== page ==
Virginia Gubernatorial Candidates Attack – KIRO 7 News Seattle



It was a testy second and final debate Tuesday night in Virginia’s high-stakes gubernatorial race between former Democratic governor Terry McAuliffe and Republican businessman Glenn Youngkin.

With polls showing tight competition just five weeks before election day, the debate revolved around familiar national issues: the pandemic, the right to abortion and former President Donald Trump. Candidates also tried to score points on a number of less controversial topics, including education, crime rates, Youngkin’s background in private equity, and labor law.

Here are the key takeaways from the last gubernatorial debate ahead of Election Day on November 2nd:


It took Youngkin less than 90 seconds to call McAuliffe a liar.

“He lied to you in the first debate. That’s what politicians do, “said the Republican candidate in his opening speech.

The attack set the tone for the debate, with each candidate personally taking the other on, with Youngkin often being the aggressor.

“I just can’t understand how you can lie to everyone so easily,” Youngkin said during an exchange about abortion.

McAuliffe replied, “You’ve been doing this all night, mate.”

It got particularly bad when the candidates talked about the state budget.

“Income and expenses, I know you’ve been tough. I know they are tough on you, ”said Youngkin. “Terry, you have no idea what you’re talking about.”



McAuliffe repeatedly attacked Youngkin’s opposition to mask and vaccine mandates. It’s an issue that McAuliffe’s team believes is a political winner, especially as the pandemic remains a serious threat in Virginia and beyond.

Youngkin came with a statement outlining his position – “Everyone should get the vaccine … mumps, which has been mandatory in US schools for generations.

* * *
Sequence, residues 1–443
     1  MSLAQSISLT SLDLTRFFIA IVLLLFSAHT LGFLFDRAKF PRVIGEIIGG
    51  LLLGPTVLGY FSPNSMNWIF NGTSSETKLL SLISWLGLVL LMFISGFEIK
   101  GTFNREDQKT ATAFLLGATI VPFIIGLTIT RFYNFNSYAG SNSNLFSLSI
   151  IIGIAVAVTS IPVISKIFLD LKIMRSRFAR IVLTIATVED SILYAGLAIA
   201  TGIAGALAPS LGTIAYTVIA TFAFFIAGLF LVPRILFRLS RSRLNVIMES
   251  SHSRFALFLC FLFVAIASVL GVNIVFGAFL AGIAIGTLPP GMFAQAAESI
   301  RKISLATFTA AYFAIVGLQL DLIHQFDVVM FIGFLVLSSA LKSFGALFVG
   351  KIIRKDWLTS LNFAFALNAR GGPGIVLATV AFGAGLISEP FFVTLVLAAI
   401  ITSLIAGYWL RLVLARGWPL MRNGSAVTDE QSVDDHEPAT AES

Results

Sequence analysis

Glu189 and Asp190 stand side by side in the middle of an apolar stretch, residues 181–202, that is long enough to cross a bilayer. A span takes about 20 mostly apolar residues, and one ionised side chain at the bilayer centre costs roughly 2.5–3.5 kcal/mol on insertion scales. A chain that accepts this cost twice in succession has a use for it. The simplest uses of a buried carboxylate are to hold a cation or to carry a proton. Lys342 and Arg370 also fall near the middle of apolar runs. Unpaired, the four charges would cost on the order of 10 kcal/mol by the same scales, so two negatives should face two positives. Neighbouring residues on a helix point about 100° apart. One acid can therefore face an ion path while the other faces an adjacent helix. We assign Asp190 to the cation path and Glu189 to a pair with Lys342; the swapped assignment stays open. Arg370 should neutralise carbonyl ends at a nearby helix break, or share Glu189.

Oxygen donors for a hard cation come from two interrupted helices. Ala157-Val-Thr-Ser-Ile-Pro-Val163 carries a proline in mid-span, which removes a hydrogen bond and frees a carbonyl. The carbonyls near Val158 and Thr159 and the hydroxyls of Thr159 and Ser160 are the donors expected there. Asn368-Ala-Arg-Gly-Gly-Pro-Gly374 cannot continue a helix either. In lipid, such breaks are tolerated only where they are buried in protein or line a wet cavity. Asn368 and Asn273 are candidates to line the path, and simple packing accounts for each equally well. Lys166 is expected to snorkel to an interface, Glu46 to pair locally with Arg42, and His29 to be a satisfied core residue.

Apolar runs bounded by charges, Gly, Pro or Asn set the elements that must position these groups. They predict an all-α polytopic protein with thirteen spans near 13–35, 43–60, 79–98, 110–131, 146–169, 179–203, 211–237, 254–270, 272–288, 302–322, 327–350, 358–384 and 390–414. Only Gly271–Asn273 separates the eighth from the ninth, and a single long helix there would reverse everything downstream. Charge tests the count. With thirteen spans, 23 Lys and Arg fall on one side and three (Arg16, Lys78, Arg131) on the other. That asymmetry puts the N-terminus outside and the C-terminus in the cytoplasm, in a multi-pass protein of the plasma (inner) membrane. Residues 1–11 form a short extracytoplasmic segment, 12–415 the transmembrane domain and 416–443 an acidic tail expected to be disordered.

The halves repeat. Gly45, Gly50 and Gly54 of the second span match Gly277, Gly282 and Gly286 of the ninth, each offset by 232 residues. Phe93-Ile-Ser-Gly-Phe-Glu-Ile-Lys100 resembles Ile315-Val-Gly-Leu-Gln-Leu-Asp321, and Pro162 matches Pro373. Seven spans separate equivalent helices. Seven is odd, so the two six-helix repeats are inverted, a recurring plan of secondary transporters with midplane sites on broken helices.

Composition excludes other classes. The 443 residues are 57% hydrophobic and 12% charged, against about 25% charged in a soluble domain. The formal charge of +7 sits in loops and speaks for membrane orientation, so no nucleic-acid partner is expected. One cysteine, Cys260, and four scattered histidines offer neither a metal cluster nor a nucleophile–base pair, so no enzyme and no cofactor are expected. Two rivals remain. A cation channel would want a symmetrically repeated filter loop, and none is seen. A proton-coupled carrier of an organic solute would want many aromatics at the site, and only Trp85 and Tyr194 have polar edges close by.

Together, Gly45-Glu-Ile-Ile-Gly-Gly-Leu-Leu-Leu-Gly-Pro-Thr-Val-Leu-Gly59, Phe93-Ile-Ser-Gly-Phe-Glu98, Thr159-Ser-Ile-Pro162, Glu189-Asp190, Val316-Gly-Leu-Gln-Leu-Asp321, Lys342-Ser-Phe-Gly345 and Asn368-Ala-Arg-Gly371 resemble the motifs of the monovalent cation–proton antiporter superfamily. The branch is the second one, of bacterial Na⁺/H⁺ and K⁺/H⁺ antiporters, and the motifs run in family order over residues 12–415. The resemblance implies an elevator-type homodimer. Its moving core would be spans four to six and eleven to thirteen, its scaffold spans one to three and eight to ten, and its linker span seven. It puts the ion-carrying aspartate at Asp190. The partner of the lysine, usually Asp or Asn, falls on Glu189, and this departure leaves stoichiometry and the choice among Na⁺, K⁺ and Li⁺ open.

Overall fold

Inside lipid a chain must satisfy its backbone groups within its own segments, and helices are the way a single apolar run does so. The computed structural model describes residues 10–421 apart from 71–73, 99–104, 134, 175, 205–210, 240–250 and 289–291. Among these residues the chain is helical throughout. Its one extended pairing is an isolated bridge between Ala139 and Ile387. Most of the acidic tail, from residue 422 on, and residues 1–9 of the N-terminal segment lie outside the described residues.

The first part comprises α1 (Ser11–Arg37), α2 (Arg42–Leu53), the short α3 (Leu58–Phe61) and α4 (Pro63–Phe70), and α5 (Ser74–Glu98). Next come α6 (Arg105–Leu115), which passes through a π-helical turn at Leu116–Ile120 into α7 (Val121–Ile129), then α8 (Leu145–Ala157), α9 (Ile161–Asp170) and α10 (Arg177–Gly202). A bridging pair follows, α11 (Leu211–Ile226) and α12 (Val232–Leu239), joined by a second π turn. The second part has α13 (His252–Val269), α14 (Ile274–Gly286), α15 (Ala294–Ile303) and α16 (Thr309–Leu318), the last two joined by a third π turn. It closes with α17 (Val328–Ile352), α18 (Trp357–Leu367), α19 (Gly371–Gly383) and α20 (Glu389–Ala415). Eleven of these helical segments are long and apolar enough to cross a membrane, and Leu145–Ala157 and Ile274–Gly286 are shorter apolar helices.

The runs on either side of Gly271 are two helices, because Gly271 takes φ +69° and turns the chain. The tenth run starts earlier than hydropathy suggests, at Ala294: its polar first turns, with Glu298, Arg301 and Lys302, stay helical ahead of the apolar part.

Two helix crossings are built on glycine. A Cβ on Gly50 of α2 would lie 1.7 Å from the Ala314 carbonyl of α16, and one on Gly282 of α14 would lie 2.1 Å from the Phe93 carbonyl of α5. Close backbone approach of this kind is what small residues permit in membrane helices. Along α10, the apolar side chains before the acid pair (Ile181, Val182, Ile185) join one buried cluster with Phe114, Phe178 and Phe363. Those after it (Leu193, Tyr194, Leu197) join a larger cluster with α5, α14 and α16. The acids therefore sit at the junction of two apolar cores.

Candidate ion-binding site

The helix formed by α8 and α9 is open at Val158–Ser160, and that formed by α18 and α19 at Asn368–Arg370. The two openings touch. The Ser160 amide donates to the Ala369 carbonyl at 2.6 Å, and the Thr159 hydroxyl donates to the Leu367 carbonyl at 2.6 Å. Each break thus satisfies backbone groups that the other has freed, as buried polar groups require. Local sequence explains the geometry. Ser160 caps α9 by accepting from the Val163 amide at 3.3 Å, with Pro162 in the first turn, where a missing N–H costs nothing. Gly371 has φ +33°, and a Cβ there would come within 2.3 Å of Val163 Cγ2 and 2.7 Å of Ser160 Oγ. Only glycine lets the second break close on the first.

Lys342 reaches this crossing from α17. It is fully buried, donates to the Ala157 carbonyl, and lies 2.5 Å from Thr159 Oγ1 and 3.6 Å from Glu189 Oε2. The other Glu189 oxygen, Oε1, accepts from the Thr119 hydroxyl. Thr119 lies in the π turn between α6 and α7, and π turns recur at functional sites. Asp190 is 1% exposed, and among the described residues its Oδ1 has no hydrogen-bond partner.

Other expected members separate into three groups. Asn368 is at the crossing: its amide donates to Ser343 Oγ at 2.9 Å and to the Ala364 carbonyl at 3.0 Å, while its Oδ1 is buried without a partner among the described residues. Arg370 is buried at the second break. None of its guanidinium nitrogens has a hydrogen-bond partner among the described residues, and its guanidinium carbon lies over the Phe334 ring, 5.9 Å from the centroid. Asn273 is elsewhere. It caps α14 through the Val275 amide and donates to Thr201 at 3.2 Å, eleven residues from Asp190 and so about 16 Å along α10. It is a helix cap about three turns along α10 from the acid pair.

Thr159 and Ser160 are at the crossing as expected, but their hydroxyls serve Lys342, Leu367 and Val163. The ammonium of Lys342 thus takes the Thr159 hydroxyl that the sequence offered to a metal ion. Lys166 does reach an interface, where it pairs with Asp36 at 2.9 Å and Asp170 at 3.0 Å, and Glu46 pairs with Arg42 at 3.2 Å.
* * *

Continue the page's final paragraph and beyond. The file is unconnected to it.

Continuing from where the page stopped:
He ended up saying he supported the rule on measles and mumps vaccines and said more data was available on those vaccinations.

McAuliffe described Youngkin’s position as dangerous.

He “says if you don’t want to get it, don’t take it. You can’t be the governor and say things like that, ”McAuliffe said. “That is disqualifying.”


Trump on the ballot?

McAuliffe often tried to associate Youngkin with the former president, calling Youngkin “a Trump wannabe”. Youngkin, who was supported by Trump, didn’t like it.

“There’s an over / under how many times you would say Donald Trump,” said Youngkin. “You’re running against me. It’s Terry McAuliffe versus Glenn Youngkin. “

He added, “The only person who invokes Trump is you.”

Youngkin refused to hug Trump as warmly as some of his main Republican challengers did when Democrat Joe Biden won Trump by 10 percentage points in 2020. And while on stage on Tuesday, Youngkin made headlines in the debate for the last few minutes when asked if he would support Trump if he ran again.

Youngkin initially tried to evade: “Who knows who will run for president in 2024?”

When urged, he made it clear: “If he’s the Republican candidate, I’ll support him.”


Abortion Fight Comes to Virginia

Candidates exchanged particularly heated rhetoric about abortion, which had become a central topic after the Supreme Court raised arguments in a case involving Roe v. Wade could question.

Youngkin, who downplayed his anti-abortion policy in the election campaign, confirmed that he supports a “pain threshold law” that would ban most abortions past the 20-week mark. Then he turned to his opponent and called McAuliffe “the most extreme candidate for abortion in the country”.

“You want to become the abortion governor,” said Youngkin.

The Democrat seemed to welcome the attack.